New Research: Laptops Harm Fertility

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Technologies like laptops, while freeing us from the altar-like monolith of the traditional desktop, may have unique adverse effects to the human body. After all, they are lap tops -- ​beneath which are situated our reproductive organs and glands. 

I confess that for many years I have secretly cringed at the thought of what the electromagnetic radiation issuing from this device is doing to my capability to reproduce, and the quality of my future progeny -- which is why I always positioned the device away from my groin. It is for this reason that the new study published in The Journal of Fertility and Sterility showing Wi-Fi radiation from laptops damages sperm, comes at no surprise. 

In the first study of its kind, researchers exposed human sperm to internet-connected laptop by Wi-Fi for 4 hours, resulting in "a significant decrease in progressive sperm motility and an increase in sperm DNA fragmentation."  The reseachers concluded:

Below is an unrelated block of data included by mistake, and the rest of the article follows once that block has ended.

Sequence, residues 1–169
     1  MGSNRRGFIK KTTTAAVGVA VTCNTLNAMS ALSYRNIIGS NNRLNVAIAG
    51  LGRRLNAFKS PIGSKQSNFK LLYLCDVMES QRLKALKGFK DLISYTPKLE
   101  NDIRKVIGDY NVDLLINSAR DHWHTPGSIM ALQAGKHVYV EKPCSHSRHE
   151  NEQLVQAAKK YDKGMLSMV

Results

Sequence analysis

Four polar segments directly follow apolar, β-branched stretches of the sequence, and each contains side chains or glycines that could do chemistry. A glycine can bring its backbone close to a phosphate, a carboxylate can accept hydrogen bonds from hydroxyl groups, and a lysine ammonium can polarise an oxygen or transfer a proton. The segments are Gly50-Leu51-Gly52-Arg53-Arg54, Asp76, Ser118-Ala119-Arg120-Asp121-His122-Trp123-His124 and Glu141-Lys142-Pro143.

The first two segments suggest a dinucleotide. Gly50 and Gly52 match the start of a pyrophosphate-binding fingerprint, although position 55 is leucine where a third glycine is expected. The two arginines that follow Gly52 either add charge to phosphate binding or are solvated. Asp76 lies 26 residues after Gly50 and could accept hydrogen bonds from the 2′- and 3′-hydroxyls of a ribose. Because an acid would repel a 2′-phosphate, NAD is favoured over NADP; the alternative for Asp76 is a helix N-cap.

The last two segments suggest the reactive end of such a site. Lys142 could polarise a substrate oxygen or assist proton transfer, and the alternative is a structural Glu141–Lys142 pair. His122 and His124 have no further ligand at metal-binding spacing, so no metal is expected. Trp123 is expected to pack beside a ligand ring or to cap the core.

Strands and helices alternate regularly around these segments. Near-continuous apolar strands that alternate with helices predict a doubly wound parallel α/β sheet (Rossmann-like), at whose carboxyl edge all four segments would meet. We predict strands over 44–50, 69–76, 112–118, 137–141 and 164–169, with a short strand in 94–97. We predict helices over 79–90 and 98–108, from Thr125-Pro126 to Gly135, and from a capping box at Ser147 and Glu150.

"To our knowledge, this is the first study to evaluate the direct impact of laptop use on human spermatozoa. Ex vivo exposure of human spermatozoa to a wireless internet-connected laptop decreased motility and induced DNA fragmentation by a nonthermal effect. We speculate that keeping a laptop connected wirelessly to the internet on the lap near the testes may result in decreased male fertility. Further in vitro and in vivo studies are needed to prove this contention." [Entire Abstract]

Given new findings showing that the so-called "low dose" ionizing radiation used in x-ray mammography is up to 400% more genotoxic and  than the so-called "high dose" radiation associated with atomic bomb radiation, Wi-Fi radiation may be much more harmful than previously assumed.  

While the connection with thermally-induced adverse effects to the testicles of laptop users has been previously acknowledged, this is the first study of its kind indicating that the non-thermal adverse effects of radiation include damage to the DNA significant enough to affect male fertility.  

Given these findings, men and women should exercise caution when using these devices, especially within the reproductive years. Also, consider using Turmeric -- probably the world's most extensively researched radioprotective substance.

Disclaimer: This article is not intended to provide medical advice, diagnosis or treatment. Views expressed here do not necessarily reflect those of GreenMedInfo or its staff.
Sayer Ji
Founder of GreenMedInfo.com

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